2014-12-24 / Editorial


Don Lively

( With sincere apologies to the heirs of Clement Clarke Moore. )

It was the day before Christmas all over the Blessed South,

Southerners were buzzing everywhichaway, city streets and rural routes.

From Wal-Mart to Macy’s, from Target to Sears,

Looking for bargains before the dollars disappeared.

Farmsteads and doublewides, flung far and flung near,

Were lit up with Christmas lights, some had stayed up all year.

Excitement was building all over the county,

From farmers to doctors, from country folks to townies.

I sat myself down on the North Porch and wondered,

If writing a Christmas poem would be a blessing or a blunder.

Cause deadline approached and my mind was plain empty,

Should I just do a re-print, oh mercy that’s tempting.

But no, I decided in a moment sublime,

How hard can it be to make a bunch of words rhyme?

If the old Scottish plowboy like Robert Burns could do it,

So can a good ol’ Dixie boy, so I better get to it.

I set about thinking about just what it might be,

That makes Christmas around our neck of the woods so unique.

When all of a sudden what did I hear,

Blasts and explosions and gunfire right near.

The woods were still poppin’ with ammo of all sorts,

Cause deer season doesn’t stop on December twentyfourth.

The bucks and the does were breakin’ from the shadows,

Dodging the bullets and buckshot and arrows.

I thought to myself if that hunter gets lucky,

Christmas dinner might be venison instead of baked turkey.

Cause many of the folks from right around here,

Will turn down the Butterballs when they can eat deer.

‘Round here we do things a little different you see,

Like two cups of sugar in every gallon of sweet tea.

And we’ll deep fry anything in hot peanut oil,

Or put on a feast called a Low Country Boil.

We don’t mind at all that our Yankee friends think,

We’re all crazy down here or at least on the brink.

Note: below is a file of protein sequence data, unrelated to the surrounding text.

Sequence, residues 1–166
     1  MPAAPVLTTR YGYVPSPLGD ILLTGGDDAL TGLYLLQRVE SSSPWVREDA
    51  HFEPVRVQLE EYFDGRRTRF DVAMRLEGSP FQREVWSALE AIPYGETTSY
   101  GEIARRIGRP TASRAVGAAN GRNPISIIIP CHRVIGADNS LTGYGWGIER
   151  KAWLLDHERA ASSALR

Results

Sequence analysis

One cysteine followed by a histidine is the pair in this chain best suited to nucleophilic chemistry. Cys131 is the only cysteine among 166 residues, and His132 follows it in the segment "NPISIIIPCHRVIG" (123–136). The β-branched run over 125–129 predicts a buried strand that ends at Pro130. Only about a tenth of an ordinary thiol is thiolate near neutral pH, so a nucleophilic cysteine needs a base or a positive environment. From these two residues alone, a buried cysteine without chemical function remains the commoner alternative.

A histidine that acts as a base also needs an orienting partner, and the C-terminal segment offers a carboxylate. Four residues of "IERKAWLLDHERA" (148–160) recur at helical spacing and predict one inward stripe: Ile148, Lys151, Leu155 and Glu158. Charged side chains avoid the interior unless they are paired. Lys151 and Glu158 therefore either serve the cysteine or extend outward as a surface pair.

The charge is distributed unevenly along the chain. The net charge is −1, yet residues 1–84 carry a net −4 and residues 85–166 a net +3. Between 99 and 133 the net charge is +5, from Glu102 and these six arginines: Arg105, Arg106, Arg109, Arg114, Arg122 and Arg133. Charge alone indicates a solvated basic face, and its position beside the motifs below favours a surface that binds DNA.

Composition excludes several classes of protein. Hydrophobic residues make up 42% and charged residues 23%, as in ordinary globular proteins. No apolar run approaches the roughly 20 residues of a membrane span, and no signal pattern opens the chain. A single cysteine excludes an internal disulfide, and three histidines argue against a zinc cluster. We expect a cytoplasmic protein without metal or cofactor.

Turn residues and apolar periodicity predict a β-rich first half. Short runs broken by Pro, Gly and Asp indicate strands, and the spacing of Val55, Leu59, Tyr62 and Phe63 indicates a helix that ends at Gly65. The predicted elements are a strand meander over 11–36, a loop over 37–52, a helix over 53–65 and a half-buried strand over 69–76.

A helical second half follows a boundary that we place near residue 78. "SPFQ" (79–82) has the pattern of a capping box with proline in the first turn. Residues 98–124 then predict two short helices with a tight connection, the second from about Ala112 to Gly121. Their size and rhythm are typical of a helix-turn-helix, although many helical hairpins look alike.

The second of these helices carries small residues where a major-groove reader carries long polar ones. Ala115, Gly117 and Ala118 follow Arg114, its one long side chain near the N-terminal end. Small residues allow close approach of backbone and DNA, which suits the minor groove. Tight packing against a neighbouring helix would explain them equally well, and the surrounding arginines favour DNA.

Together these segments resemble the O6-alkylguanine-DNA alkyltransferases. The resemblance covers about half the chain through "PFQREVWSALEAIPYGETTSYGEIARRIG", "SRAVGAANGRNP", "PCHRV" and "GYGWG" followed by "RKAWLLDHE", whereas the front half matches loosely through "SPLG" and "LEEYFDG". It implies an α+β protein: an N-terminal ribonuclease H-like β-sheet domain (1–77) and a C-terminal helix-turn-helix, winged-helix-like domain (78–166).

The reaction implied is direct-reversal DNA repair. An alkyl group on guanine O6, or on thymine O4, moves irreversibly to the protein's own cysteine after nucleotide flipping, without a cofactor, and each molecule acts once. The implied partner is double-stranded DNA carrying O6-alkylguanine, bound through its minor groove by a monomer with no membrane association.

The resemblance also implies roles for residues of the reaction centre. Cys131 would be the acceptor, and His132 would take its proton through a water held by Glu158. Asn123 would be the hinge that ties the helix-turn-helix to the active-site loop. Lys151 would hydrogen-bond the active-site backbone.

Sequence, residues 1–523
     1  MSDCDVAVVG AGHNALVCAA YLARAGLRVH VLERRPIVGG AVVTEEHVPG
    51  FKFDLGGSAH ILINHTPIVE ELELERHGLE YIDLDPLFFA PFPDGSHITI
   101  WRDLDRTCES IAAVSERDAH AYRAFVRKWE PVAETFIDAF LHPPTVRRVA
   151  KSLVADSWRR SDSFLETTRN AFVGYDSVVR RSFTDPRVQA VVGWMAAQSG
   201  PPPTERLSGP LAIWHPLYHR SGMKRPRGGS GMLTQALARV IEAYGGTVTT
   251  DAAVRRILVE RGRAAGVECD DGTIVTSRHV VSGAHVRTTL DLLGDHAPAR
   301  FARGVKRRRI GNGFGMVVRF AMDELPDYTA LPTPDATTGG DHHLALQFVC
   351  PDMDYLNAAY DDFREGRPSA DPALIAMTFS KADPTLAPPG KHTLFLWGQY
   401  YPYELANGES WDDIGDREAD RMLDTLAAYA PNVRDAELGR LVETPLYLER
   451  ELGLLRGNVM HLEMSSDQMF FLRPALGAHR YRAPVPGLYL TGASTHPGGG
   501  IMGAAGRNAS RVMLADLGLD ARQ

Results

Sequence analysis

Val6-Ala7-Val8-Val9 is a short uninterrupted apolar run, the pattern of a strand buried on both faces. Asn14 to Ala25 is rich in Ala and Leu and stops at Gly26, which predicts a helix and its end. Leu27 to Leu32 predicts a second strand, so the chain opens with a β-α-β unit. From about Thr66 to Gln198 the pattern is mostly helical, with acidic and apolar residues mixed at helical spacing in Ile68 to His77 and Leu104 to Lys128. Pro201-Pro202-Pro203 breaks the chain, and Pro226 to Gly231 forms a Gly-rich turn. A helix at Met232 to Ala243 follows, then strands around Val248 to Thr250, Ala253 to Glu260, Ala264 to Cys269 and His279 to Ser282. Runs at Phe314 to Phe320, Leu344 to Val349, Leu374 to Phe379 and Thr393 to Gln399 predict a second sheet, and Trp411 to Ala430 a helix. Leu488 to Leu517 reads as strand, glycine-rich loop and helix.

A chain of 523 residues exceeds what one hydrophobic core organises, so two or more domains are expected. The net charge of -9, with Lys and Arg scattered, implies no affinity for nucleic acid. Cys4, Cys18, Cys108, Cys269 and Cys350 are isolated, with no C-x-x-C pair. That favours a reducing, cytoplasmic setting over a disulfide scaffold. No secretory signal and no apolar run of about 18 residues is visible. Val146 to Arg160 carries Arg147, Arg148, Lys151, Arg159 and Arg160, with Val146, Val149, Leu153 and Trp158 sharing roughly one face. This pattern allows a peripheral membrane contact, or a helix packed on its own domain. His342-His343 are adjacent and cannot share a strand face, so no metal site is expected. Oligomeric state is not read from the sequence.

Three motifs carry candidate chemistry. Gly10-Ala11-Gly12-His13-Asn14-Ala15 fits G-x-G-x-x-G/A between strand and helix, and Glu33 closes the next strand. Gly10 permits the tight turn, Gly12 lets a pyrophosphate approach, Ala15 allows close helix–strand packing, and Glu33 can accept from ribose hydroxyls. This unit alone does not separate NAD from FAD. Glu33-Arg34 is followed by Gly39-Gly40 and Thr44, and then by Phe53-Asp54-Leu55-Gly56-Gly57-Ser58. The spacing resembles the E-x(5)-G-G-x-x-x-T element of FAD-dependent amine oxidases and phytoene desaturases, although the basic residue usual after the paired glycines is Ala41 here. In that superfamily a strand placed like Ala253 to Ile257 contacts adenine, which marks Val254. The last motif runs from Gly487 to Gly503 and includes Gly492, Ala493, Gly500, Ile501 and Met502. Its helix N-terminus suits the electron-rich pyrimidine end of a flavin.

Cause we talk loud and proud and we howl at the moon,

Have skeet shoots and squirrel hunts on Christmas afternoon.

It’s a whole different world south of the Mason-Dixon line,

Which runs just north of Hephzibah as far as I can find.

You never know what you might see along our byways,

Cotton fields or dairies or freshly mown hay.

Pickup trucks and tractors and pickers and combines,

Dirt roads and mud bogs and bullet riddled stop signs.

Streams and creeks and rivers and branches,

Shindigs and hoedowns and old time barn dances.

Christmas stockings filled with crops from the South,

Each edible stuffer a treat for the mouth,

Like peanuts and peaches, blueberries and oranges,

Oh wait, there’s no word in English that rhymes with oranges.

Make that oranges and peanuts, peaches and blueberries,

That it’s all grown nearby makes it even more merry.

Add cobblers and cakes and pies and divinity,

I just might never leave this blessed vicinity.

I hope it’s not sinful to write horrible poetry,

Hopefully this will mostly be read here locally.

Cause up till today I’ve been a pretty nice fellow,

If Mister Claus reads this I hope he’s quite mellow.

Before Santa decrees whether I’ve been naughty or nice,

I think I’ll just give myself some advice.

I’ll leave the prose to the pros and the rhymes to the rhymers,

Before somebody suspects I’ve contracted Alzheimer’s.

Cause poetry ain’t as easy as fallin’ off a log,

After trying all night I’m in a bit of a fog.

It’s harder than it looks so don’t try it at home,

I assure that I’ll certainly not from now on.

Never again will I attempt to write rhymes,

As you’ve already seen it’s a waste of my time.

So here is my vow with words very solemn,

From here to eternity I’ll stick to my column.

I’ll still tell my tales some tall and some true,

Some tales about me and some tales about you.

Cause those are the stories I know how to write,

Till then, Merry Christmas to Yall, and to Yall a good night.

I’m not a poet,

And I know it.

Never again,


Don Lively is a freelance writer and author of the new book, South O’Yonder. He lives in Shell Bluff, Georgia. Email Livelycolo@aol.com and visit www.DonLively.com.

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